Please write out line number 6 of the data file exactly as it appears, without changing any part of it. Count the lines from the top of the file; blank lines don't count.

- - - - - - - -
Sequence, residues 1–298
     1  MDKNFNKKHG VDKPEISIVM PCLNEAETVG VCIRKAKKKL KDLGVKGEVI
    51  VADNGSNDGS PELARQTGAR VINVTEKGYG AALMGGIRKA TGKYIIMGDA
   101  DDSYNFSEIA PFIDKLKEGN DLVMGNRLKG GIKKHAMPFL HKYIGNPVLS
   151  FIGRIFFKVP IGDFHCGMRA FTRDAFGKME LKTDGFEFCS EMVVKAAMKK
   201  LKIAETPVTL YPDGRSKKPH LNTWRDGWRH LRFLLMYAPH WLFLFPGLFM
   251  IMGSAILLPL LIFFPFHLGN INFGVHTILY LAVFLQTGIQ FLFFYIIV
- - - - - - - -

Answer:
   201  LKIAETPVTL YPDGRSKKPH LNTWRDGWRH LRFLLMYAPH WLFLFPGLFM